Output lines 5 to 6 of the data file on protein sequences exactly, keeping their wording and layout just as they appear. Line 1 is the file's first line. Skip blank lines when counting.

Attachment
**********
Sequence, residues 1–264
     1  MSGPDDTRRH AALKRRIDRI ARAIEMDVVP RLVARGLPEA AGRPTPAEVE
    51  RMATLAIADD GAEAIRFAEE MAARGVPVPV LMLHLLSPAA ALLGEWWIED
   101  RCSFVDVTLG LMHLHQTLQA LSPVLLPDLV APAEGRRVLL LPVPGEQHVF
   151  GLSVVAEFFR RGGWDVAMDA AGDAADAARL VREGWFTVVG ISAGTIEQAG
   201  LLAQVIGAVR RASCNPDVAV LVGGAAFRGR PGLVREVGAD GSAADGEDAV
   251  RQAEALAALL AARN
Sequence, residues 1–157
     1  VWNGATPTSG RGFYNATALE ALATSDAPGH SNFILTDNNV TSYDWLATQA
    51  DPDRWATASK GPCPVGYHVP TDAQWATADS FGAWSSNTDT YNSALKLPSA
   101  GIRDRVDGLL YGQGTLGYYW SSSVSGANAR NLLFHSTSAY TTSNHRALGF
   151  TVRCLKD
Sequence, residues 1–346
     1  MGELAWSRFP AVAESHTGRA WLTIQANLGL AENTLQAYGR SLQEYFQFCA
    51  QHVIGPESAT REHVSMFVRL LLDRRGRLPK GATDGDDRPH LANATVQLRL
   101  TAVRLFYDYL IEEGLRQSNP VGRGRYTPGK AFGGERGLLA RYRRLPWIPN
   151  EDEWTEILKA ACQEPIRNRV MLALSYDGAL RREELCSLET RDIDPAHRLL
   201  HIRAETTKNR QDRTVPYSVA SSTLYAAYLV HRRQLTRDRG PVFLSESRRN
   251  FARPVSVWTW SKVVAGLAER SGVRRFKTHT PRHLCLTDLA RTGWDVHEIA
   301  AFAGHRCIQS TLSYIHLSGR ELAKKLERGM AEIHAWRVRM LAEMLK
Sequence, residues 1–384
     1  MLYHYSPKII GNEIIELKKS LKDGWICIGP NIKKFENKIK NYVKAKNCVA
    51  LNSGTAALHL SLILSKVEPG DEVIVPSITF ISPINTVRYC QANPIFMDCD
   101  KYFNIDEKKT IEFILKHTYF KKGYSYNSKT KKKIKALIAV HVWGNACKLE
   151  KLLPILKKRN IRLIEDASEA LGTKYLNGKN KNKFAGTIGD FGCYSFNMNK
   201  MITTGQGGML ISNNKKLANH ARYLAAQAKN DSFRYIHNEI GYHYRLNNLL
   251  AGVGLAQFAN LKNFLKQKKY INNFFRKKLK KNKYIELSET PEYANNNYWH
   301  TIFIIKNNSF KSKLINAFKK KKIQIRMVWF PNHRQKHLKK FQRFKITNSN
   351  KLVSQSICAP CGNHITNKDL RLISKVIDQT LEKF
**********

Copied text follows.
   151  GLSVVAEFFR RGGWDVAMDA AGDAADAARL VREGWFTVVG ISAGTIEQAG
   201  LLAQVIGAVR RASCNPDVAV LVGGAAFRGR PGLVREVGAD GSAADGEDAV